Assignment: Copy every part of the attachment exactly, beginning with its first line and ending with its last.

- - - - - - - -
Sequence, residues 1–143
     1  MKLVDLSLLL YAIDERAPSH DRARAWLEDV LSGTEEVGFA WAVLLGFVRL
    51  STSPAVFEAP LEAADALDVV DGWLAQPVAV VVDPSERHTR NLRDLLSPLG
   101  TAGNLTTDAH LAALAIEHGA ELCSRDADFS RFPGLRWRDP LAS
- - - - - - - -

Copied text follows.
Sequence, residues 1–143
     1  MKLVDLSLLL YAIDERAPSH DRARAWLEDV LSGTEEVGFA WAVLLGFVRL
    51  STSPAVFEAP LEAADALDVV DGWLAQPVAV VVDPSERHTR NLRDLLSPLG
   101  TAGNLTTDAH LAALAIEHGA ELCSRDADFS RFPGLRWRDP LAS